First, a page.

Article written by the great-nephew of Peter Pease.

Article written by the great-nephew of Peter Pease.

A Prohibitionist Shakes Dice With Poe


Article published in “The Outlook” An Illustrated Weekly Journal of Current Events, Sep-Dec 1920

WHEN Poe was attending the University of Virginia, at Charlottesville, it fell to the lot of my great-uncle, Peter Pindar Pease, to make his acquaintance. Pease afterwards met the poet again in Boston, at a time when his biographers seem to have lost track of Poe, and later met him again in New York. 

It seems a pity that this companionship with this gifted genius should have fallen to the lot of as unsympathetic a person as my late kinsman. Indeed, the old gentleman never attached any importance to his association with Poe, and it was only by persistent inquiry that, my own uncle, Judge Harlow Pease, drew from his Uncle Peter the facts here presented just as the Judge passed them on to me. Had it not been for the latter’s intense interest in Poe and his tireless curiosity, these interesting sidelights on several phases of the character and activities of Poe might never have been preserved. 

Peter Pease was a stanch prohibitionist, and he believed Poe to be dissolute. He was a deacon in his church at Oberlin, Ohio (a determined pillar), and he regarded Poe as an outcast. Furthermore, old Deacon Pease was deeply interested in the “Underground Railway” before the war, and he assumed Poe to be a Southerner. Finally, the old gentleman cared nothing for any poetry outside his hymn book, and therefore the entire scheme of Edgar Allan Poe’s history and genius was without value to him. 


As a boy old Pease was apprenticed to an itinerant saddler, Hermann Tucker by name, and shortly before the early ’30s arrived at Charlottesville, Virginia, where the worthy harness-maker opened a shop, and my great-uncle became his assistant.

Trade was pretty brisk, and soon the little shop expanded into a sort of curio store filled with second-hand articles, including a library which had fallen under the auctioneer’s hammer in order to satisfy a plantation debt and so came into the possession of Tucker. Among these books was a rare edition of Hogarth’s prints, and this work the young assistant resolved to purchase on the installment plan from his employer.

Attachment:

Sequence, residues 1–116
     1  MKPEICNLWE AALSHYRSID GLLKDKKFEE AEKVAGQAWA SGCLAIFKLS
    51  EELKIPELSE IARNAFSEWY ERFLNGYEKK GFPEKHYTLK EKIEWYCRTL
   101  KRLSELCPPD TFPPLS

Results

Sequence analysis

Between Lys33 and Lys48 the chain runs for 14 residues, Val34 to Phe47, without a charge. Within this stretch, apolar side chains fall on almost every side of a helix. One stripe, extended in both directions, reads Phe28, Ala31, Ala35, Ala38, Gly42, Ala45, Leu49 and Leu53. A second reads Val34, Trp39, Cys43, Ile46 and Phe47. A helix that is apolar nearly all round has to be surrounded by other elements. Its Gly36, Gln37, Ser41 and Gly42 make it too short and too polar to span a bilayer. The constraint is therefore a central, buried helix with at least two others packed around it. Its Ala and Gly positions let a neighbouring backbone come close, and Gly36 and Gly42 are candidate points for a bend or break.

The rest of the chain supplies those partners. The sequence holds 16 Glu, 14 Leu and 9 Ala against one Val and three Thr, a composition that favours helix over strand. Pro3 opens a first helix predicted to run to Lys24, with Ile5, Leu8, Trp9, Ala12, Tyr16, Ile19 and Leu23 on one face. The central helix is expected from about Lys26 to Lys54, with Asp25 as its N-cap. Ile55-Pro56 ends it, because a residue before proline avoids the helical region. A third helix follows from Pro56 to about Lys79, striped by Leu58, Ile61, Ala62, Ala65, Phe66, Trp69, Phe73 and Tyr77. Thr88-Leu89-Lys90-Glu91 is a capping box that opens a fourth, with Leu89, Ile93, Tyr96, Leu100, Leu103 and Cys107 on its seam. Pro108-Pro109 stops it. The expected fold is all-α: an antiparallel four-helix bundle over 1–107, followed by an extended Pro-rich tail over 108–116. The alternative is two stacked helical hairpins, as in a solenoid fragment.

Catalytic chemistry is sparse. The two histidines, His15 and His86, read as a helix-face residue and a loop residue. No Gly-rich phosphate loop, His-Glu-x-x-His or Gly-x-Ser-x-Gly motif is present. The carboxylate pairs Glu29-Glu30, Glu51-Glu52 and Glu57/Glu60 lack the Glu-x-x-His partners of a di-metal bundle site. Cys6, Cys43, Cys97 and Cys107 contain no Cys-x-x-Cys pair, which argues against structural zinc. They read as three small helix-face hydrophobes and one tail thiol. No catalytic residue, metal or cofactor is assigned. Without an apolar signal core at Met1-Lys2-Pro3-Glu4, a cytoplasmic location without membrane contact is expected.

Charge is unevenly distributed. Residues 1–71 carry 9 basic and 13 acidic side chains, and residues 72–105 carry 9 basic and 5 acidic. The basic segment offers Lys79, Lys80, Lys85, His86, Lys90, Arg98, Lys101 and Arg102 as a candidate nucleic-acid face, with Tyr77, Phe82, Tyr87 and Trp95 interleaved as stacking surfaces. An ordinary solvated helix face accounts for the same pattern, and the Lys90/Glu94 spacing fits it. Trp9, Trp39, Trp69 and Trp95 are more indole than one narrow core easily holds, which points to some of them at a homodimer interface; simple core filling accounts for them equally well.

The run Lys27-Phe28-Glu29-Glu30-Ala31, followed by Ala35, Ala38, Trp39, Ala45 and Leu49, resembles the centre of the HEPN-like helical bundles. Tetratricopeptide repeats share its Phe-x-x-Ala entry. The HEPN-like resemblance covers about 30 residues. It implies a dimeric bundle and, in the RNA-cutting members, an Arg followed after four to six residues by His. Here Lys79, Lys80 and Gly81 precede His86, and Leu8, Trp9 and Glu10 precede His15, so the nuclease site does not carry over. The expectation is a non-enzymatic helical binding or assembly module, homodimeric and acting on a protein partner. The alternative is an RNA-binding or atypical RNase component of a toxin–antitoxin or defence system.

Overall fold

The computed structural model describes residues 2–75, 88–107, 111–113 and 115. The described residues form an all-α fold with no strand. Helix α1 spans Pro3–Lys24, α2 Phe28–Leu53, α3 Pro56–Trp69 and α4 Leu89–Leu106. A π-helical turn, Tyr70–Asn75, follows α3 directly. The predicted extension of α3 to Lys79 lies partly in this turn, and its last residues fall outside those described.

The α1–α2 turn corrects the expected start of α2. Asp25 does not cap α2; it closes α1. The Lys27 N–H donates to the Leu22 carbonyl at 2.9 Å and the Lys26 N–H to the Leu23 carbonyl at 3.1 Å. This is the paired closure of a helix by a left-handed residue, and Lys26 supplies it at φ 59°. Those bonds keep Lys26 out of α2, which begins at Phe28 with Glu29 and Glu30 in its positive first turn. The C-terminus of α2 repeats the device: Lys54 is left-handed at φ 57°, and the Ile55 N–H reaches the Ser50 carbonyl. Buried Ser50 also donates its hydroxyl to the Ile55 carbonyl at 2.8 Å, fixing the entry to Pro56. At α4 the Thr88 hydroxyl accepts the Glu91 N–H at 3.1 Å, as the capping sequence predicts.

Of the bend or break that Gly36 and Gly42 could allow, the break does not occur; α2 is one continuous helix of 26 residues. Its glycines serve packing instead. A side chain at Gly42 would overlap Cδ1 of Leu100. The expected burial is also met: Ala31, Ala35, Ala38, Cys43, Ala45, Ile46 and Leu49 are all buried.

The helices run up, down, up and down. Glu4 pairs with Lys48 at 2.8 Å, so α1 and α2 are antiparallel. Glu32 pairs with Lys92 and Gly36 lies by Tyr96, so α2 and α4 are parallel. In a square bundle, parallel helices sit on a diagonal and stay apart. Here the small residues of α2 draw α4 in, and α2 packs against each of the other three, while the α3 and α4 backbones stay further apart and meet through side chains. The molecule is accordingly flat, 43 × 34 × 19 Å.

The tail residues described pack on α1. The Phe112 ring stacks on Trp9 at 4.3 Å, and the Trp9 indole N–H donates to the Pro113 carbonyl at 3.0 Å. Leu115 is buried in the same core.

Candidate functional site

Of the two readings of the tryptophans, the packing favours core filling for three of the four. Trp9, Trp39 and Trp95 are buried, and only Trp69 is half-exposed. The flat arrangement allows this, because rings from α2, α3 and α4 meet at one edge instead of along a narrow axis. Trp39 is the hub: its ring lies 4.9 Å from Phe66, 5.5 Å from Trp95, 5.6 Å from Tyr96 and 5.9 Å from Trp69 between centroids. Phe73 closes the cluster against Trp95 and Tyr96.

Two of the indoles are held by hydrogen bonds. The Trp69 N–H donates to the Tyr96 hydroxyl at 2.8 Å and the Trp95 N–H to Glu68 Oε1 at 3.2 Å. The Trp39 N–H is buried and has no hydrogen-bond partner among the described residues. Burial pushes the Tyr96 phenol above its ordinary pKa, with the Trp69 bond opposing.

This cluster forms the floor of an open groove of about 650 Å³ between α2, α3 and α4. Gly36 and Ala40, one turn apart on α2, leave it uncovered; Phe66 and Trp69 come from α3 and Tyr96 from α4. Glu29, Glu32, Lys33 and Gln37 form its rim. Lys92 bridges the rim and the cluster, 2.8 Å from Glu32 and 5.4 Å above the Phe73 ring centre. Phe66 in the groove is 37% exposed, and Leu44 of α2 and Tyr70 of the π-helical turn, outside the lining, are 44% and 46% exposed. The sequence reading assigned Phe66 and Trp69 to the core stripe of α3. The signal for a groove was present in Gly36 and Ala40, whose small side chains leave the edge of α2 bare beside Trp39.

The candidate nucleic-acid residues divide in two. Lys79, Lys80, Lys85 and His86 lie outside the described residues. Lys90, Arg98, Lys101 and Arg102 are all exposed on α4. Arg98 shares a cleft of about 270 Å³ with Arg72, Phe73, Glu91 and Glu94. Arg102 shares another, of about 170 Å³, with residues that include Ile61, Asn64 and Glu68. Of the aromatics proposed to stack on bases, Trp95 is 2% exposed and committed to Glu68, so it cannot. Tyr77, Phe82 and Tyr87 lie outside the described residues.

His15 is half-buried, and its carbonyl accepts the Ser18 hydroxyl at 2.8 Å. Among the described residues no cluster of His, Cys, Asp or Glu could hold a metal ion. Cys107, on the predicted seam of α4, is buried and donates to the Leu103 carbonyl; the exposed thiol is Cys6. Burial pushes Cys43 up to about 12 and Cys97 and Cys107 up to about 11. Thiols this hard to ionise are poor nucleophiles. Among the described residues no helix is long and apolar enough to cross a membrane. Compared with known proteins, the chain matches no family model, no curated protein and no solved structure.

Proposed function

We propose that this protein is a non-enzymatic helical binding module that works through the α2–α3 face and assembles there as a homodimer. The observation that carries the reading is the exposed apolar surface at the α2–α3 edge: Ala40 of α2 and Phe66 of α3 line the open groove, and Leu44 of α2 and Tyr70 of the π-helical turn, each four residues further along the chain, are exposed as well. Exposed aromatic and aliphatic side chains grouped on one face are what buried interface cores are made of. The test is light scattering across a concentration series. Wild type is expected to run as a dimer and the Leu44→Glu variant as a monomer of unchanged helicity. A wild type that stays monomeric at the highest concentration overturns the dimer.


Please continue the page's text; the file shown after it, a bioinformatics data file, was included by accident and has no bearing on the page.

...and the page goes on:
SATAN, SIN, AND DEATH…Etching made from an original Hogarth painting.

Two small payments had been made when Poe, then attending the college there, happened into the shop one day, noticed the book, and desired to buy it. Upon Tucker’s telling Poe that his clerk was attempting to purchase the work out of his meager earnings, the poet asked to be made known to my great-uncle, and thus their acquaintanceship began. 

Poe immediately invited young Peter up to his room, asking him to bring the Hogarth along with him that they might look it over together, and the invitation was accepted. 

Next evening the call was made, and after some parley Poe suggested that they gamble for the book, agreeing to pay Peter the full price which Tucker asked in case he lost If Peter lost, he was to continue paying off the debt to Tucker and Poe was to keep the Hogarth. My great-uncle had been brought up to fear the devil and all his works with Calvinistic severity, but he resolved to take the chance of getting the book for nothing, so the dice were thrown. 

Poe lost, and promptly paid over the money. Whatever became of the Hogarth I do not know. It is certainly not in the Pease family library and Peter probably sold it This incident occurred some time in May, 1826, as nearly as the old Deacon remembered it. 


In July of the same year young Pease separated from his employer and returned to New England, settling in Boston, where he was again to meet Poe, though under vastly different circumstances. Poe left the University in December of 1826, and, breaking with his foster-father, Mr. Allan, started out to seek his fortune, full of hopes and with supreme confidence in his genius, but knowing absolutely nothing of the world. 

It was while unloading a dray of hides on the water-front one blustering March afternoon that my great-uncle recognized in a pale, rather stoop-shouldered clerk, emerging from a mercantile house hard by, his former acquaintance who had diced with him unsuccessfully in Virginia a year before. He was about to hail Poe when the latter, catching sight of him, turned away and hastily disappeared around the corner. 

Thinking that Poe did not care to renew the friendship, Pease returned to his work, but when he had finished and was starting homeward, there was Poe waiting for him some distance down the street. He was very shabbily appareled. 

Pease hailed him, but Poe hurriedly pushed him into an alleyway and begged him not to speak his name aloud, giving for his reason that “he had left home to seek his fortune, and until he had hit it hard he preferred to remain incognito.”